If there’s one word that epitomizes the state of health care today, it’s change. Nowhere is that more clear than in the San Joaquin Valley’s hospital landscape, where longtime friends have turned into bitter rivals.
But what’s behind the shifting alliances that have divided much of the Fresno health care market in recent years? The answer could be one word, networks.
Earlier this year, Craig Wagoner the CEO of Fresno’s Community Regional Medical Center made an announcement that might have puzzled a lot of people.
“We will be exploring the possibility of building a dedicated women’s and children’s hospital on this campus,” Wagoner said.
But what would be the point of that?
The Fresno area already has a dedicated pediatric facility with Valley Children’s Hospital in Madera. For decades Community and its affiliates worked closely with them. But in recent years, the partnership has turned into a rivalry.
Wagoner’s announcement is just the biggest in a series of strategic moves by the two health care giants that could reshape how and where you get care. But what’s driving this change? Some have suggested the split is about turf battles or grudges that go back decades.
But there’s something else behind these moves, an emerging trend that has providers forming their own, self-contained network of services. Experts say it’s the result of insurance industry efforts to reduce costs by limiting choices. The key is a complete offering of life-long care.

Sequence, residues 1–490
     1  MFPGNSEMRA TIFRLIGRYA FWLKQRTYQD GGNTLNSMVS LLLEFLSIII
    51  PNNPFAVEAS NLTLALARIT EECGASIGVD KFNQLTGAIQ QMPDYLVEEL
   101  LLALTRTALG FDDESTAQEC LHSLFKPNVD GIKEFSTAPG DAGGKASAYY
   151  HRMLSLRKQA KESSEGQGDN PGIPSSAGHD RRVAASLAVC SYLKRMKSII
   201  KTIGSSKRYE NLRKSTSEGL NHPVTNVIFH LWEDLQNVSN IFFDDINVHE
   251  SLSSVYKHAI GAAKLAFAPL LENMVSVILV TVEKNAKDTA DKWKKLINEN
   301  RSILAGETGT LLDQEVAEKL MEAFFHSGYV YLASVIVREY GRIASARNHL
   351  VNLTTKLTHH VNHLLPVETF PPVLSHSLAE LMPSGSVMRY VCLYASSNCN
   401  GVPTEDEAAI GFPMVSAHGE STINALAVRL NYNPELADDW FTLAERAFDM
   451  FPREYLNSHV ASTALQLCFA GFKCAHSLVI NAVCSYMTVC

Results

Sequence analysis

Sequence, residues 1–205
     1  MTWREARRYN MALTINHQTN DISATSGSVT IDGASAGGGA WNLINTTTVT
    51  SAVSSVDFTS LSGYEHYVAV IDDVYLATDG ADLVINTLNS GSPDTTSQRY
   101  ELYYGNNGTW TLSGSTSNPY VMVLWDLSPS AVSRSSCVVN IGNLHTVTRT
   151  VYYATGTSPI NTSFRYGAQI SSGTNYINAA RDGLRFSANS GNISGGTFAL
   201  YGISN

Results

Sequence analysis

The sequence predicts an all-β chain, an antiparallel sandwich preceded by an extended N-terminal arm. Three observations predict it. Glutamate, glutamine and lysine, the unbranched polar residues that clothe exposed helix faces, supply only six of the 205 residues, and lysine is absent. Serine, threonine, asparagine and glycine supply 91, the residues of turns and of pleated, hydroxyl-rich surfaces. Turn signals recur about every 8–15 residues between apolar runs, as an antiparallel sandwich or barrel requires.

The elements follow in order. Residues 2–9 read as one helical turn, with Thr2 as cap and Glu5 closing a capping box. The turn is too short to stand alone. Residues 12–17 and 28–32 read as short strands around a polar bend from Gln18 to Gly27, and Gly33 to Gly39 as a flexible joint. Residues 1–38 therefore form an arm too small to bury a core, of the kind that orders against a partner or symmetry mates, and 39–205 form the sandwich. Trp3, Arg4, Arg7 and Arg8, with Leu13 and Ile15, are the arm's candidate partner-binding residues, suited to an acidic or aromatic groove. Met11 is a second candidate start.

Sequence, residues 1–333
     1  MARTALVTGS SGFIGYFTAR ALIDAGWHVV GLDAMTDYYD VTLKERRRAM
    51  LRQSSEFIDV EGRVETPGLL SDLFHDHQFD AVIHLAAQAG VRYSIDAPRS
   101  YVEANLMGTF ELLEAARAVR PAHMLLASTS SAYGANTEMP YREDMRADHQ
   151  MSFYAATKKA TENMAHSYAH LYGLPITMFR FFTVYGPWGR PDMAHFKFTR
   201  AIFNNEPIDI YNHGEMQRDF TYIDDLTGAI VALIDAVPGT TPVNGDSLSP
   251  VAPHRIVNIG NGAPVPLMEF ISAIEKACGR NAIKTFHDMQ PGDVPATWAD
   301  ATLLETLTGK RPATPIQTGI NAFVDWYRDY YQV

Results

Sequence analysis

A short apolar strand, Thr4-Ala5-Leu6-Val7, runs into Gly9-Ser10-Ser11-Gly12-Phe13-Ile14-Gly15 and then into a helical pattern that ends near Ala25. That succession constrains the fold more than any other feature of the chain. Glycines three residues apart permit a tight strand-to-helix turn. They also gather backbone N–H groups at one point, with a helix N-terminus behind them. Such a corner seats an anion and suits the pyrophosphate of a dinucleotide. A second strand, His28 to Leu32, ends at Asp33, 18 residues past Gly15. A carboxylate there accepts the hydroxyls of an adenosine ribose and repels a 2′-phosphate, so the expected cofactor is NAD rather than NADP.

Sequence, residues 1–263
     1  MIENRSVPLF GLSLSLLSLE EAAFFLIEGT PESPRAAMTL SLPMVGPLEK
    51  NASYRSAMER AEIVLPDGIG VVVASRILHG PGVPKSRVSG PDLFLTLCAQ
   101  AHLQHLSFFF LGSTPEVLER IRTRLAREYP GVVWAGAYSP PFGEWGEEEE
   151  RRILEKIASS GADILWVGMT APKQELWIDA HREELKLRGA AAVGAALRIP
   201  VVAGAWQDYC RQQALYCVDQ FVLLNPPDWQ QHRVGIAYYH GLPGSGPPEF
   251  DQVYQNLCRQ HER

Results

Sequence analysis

Take a listen to a recent commercial from Community.
“That’s why Community Medical Centers is building the one network with the resources to care for your family through all of life’s stages,”
Again, the key word is ‘network’. Community pairs hospitals in Fresno and Clovis with the area’s largest group of primary care doctors, plus residents and specialists from their partner UCSF, including in pediatrics. A dedicated women and children’s wing would be a big move into Valley Children’s historic territory.
Children’s has responded by establishing their own network, with residents and specialists from Stanford and a new partnership with Community’s rival Saint Agnes, plus other Dignity Health hospitals in the valley.
The driver behind these rival networks is money. Dr. Joseph Penbera is a Fresno based economist.
“I don’t think there is necessarily a shadow or a guiding hand behind this. It is just the way these forces are lining up in health care,” Penbera said.
He said insurance companies are increasingly adopting what are known as ‘narrow network’ plans. They typically charge consumers less, as long as they stay in a limited network of providers.
Building a self-contained network that provides care from birth to death means Community and Children’s could make themselves more appealing to insurers. And for stand-alone hospital like Children’s, not being in a comprehensive network could be deadly.
“I think what they are doing is do what I think that should do. That is to develop the critical mass to try and stay in the game and be competitive. Otherwise, they are going to die,” Penbera said.
There is big money on the line for the hospitals that can convince insurance companies to pick them and exclude their competition.
Holding down costs is key.
"Hospitals are clearly under a lot of pressure ,” said Paul Ginsberg, a professor of public policy at the University of Southern California.
Ginsberg said a wide network of providers can result in out of control inflation. Narrow network plans can give insurance companies more bargaining power, and hold down costs.
“It really increases the competitiveness between hospitals because they are competing with each other to be in a narrow network,” Ginsberg said.